Secondary school children will learn life-saving skills such as CPR and the purpose of defibrillators.
The British Heart Foundation said the move would improve “shockingly low survival rates from cardiac arrests”.
The plan was announced as part of new guidelines on relationships and health education in schools.
The BHF said that fewer than one in 10 people survive cardiac arrests suffered outside of hospital, with 10,000 people in the UK dying each year as a result. Survival rates in countries that teach first aid in school are up to three times higher, the BHF said.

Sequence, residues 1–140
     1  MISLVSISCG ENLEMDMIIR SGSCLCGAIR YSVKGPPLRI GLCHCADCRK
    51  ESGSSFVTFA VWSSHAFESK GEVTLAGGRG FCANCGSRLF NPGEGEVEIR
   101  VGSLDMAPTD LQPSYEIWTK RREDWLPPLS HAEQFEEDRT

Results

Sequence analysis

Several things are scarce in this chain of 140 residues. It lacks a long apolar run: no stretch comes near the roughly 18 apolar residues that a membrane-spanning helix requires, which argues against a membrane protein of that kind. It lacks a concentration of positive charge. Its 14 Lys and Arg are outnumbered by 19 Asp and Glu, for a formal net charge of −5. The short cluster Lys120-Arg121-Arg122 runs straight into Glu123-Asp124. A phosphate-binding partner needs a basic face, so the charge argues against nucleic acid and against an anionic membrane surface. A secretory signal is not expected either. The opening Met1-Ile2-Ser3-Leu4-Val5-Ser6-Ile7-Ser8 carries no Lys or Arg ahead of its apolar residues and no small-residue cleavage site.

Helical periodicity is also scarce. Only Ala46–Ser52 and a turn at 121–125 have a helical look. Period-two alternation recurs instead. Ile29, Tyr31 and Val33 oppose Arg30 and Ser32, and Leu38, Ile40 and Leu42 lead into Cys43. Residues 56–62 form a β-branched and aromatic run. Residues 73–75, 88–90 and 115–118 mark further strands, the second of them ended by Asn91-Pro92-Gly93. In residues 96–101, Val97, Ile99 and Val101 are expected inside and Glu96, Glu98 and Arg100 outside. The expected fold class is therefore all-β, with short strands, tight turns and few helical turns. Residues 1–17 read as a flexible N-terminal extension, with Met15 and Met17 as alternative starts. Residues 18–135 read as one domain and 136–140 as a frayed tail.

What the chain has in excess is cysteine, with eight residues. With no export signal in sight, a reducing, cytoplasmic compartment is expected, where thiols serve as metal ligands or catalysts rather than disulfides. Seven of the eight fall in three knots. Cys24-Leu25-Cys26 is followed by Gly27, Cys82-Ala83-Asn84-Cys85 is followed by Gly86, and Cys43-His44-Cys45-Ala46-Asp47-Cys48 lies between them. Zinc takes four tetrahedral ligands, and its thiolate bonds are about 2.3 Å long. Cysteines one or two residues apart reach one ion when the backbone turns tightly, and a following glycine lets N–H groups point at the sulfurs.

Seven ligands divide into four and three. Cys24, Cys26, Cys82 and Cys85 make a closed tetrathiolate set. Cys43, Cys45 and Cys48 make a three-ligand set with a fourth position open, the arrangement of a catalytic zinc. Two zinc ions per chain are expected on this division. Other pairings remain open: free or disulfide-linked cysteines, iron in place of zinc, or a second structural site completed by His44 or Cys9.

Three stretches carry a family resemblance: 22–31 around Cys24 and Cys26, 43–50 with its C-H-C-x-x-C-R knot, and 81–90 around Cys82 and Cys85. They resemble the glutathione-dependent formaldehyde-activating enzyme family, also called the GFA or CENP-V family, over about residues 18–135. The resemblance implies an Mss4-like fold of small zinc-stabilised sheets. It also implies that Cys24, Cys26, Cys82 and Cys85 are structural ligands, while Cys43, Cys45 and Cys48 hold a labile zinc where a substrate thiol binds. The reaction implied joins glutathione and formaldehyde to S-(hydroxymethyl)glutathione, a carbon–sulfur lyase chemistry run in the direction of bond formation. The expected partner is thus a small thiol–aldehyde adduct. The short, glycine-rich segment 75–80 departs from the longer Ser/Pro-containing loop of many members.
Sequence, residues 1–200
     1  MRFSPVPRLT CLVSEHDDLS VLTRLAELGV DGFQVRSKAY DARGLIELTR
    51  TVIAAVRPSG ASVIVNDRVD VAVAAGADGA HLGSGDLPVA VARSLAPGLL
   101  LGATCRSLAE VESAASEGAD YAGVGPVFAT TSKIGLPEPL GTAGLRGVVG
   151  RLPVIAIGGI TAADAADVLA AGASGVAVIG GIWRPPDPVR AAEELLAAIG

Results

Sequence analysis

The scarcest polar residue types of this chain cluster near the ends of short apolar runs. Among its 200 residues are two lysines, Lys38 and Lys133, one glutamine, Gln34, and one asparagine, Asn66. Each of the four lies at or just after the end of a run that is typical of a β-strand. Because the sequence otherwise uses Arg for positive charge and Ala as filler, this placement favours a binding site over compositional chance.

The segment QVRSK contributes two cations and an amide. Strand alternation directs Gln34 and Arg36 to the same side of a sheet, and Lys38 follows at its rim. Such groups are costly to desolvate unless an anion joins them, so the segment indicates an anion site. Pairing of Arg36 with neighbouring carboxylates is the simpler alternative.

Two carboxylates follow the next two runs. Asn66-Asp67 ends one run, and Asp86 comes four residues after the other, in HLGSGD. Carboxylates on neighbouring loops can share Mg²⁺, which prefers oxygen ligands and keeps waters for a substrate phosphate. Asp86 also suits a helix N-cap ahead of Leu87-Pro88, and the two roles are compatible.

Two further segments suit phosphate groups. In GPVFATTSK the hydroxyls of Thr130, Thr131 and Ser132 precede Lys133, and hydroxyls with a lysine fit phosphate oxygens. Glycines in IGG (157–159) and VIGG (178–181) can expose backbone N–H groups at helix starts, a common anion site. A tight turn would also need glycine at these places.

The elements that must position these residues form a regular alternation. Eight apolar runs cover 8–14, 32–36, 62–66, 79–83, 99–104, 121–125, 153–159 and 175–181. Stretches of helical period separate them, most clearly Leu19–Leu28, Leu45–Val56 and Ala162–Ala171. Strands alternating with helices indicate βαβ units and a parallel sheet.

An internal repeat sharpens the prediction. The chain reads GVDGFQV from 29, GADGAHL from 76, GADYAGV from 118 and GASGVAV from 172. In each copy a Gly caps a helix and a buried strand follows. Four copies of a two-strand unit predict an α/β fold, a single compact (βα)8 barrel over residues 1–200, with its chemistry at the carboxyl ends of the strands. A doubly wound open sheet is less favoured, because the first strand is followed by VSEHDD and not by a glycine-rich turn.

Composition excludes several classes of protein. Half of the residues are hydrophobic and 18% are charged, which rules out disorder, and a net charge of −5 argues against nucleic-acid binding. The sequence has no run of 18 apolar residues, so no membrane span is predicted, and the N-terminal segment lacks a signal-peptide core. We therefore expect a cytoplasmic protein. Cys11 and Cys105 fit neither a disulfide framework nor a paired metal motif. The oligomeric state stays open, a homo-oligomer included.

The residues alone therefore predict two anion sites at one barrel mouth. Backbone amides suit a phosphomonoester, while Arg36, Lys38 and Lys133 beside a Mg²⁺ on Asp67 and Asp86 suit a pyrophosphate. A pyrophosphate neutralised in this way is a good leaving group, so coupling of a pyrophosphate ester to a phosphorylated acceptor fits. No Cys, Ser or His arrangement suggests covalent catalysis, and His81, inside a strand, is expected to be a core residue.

Research by the British Red Cross, which also campaigns on the issue, found that 95% of British adults would not be able to provide aid in “three of the most life-threatening first aid emergencies”.
The government’s decision comes after Lord Kerslake’s inquiry into the Manchester Arena bombing in May 2017 found members of the public tried to help the injured and dying but lacked the requisite skills.
The inquiry raised concerns that people on the scene were “trying their very best in genuinely harrowing circumstances” but “did not appear familiar with first aid principles”.
Read more Plan to teach all children first aid
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